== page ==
“Lead with joy” has been the mantra for Payton Hobbs, the new Head of School for Coronado’s Christ Church Day School (CCDS), for more than a decade. She is often called a “joy warrior” because she loves to seek and share joy in everything; she even has a family cat named Joy. She stresses that it is a critical element to foster positive learning. Playing music and incorporating laughter are just a few examples she incorporates while leading with her head and heart. She stresses the importance of working with each student’s strengths for them to be successful.
An educator for more than 20 years, Hobbs has worked in both private and public schools and brings a vast array of experience to her new role. With a passion for kids and curriculum, she vividly remembers discovering her calling in seventh grade, when her homeroom teacher Mr. Woodland was transformative as he taught social studies in a whole new way. “I saw the model of teaching and how it affected the students and realized that educators can impact the trajectory of kids’ lives,” she comments. While attending Duke University, she majored in marine biology and education, and ended up student teaching, which transitioned into teaching first grade full time, setting the path for her love of teaching.
She was born in Pennsylvania, came to Carlsbad, California at age four and stayed through fourth grade, and then moved back to Pennsylvania. She remembers enjoying being outside and exploring all year long with the good weather in Southern California. When her husband, also an educator, got the call to work in San Diego County, she welcomed returning and worked at La Country Day School, first in admissions and then as head of the lower school. She was ready for a new challenge when the job opening came at CCDS and felt it was “time to try something new.”
This is the first time she has worked in an educational setting where she can combine her Episcopalian faith and passion for education. She has found the Coronado community welcoming and enjoys working with the dedicated 19 faculty members, board members, and parents at CCDS. Her favorite part of the day is when she is on recess or lunch duty and gets to interact with the 113 students in a variety of ways. She revels in conversations with the impressive fifth and sixth graders, highlighting, “It gives me a peek into what the future can be.” The fourth graders are teaching her how to hula hoop, but she admits to needing more practice. The younger kids love when she dons her fanny pack with speakers to play freeze dance together. Fun fact: she played basketball during high school, college, and even professionally, so she is an athlete at heart.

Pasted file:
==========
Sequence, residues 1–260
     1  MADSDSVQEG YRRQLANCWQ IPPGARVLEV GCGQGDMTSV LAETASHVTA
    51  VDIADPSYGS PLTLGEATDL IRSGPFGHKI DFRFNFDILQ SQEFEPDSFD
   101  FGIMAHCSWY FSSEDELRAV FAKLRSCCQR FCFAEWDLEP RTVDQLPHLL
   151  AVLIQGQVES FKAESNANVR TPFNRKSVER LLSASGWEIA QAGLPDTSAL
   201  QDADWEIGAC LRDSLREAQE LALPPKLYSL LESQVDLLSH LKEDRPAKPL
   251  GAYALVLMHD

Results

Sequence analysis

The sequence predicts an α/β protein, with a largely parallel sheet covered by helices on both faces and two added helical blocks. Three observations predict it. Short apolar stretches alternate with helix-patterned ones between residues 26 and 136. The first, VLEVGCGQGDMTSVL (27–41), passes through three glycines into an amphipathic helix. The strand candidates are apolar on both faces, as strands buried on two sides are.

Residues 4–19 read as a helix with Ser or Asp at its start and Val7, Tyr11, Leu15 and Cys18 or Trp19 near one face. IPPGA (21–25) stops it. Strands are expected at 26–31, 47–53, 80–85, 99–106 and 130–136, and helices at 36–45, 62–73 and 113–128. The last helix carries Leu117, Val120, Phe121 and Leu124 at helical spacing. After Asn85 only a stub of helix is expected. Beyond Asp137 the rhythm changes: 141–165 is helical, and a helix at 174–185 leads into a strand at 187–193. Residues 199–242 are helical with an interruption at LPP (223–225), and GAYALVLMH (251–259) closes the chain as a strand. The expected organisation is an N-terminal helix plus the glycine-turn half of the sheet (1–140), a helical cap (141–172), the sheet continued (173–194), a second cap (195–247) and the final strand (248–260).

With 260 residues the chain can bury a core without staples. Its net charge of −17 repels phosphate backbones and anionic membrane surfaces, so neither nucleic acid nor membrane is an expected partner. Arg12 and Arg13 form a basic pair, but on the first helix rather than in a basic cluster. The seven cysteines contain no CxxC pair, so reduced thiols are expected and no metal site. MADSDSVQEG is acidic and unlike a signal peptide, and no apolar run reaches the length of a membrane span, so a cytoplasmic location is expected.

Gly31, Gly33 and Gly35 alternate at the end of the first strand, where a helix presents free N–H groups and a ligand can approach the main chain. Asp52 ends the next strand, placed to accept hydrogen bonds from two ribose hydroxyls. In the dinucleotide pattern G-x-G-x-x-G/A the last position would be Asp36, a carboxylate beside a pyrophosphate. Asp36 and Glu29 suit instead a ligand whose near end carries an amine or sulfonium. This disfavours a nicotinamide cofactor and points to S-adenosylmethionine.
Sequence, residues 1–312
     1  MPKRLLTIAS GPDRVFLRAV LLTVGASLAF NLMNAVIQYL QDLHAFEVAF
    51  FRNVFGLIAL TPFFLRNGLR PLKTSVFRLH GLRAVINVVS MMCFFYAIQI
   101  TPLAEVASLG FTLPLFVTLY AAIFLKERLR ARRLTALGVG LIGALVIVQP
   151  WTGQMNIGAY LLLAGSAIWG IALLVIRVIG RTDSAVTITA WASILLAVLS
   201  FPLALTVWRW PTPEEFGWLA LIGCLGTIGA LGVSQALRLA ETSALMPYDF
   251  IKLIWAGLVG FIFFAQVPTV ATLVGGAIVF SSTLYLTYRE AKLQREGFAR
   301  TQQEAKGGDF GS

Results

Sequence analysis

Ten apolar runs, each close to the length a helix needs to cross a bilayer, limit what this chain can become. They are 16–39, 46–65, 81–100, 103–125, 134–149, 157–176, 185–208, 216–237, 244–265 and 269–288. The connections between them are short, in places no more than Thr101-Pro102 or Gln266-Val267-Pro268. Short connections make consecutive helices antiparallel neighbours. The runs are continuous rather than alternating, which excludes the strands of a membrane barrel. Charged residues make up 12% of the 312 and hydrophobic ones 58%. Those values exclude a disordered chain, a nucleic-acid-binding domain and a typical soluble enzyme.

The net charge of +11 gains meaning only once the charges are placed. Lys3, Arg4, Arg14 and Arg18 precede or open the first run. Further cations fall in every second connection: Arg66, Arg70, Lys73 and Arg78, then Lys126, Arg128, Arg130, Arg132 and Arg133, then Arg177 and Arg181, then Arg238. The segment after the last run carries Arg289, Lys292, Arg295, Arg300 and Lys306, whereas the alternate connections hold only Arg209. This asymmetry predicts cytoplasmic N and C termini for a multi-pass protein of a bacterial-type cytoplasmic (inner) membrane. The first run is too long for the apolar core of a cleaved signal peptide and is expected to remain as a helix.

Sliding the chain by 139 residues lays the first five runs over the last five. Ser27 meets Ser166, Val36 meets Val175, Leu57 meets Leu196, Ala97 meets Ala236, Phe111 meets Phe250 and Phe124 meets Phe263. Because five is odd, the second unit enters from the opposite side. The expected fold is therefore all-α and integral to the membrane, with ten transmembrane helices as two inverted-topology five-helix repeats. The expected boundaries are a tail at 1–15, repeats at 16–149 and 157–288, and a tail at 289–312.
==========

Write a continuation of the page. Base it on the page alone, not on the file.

When discussing how teachers are strategizing to help students who fell behind during the pandemic, Hobbs points out that they are filling the gaps of the social and emotional components, especially in the younger grades. She notes that kindergarten, as well as first and second grades, are critical for students to learn about themselves, how to communicate with others, and to collaborate in group settings, while adjusting outside their family setting. These elements were severely hampered with online classes and learning at a distance with masks. “Not being able to practice these skills left students in a state of disequilibrium, not allowing them to express and regulate their emotions,” she says. Teachers are spending extra time playing catch up, along with modelling and practicing human competencies, so that students have the social and emotional developmental skills needed to learn essential content.
When asked the most critical things that parents can do to set a child up for success, she emphasizes that helping them to understand they are beautiful and perfect, just as they are, is key to instilling the ability for them to value and love themselves. “This will position them for success and happiness in everything that comes along in life. Parents should help their children explore who they are and what they uniquely bring to the world,” she comments, and notes that the natural human tendency is to compare ourselves to others, but teaching kids to embrace who they were designed to be gives them a sense of belonging. She encourages parents to help establish self-confidence in their children, so that they are grounded through any circumstances that come their way. Parents can be great examples by promoting positivity and encouraging daily positive affirmations. For her personally, she cites her current favorite author Brené Brown’s book, “Dare to Lead,” and notes that those concepts have helped shape how she shows up for herself and others.
The CCDS Board selected her, in part, due to her strategic enrollment management skills. With a 65-year history of excellence, the school is at a crossroads in determining how to best move forward. She is focusing on creating a culture where everyone has a sense of belonging, and nurturing an inclusive community. Helping to analyze the right size and composition for the school, she shared that a variety of options are being considered, including only going up to fifth grade or expanding the school to eighth grade.
When meeting Hobbs, her joy and love of helping kids learn shines through vibrantly. For more details on all CCDS has to offer, check out www.ccds.org or call 619-435-6393.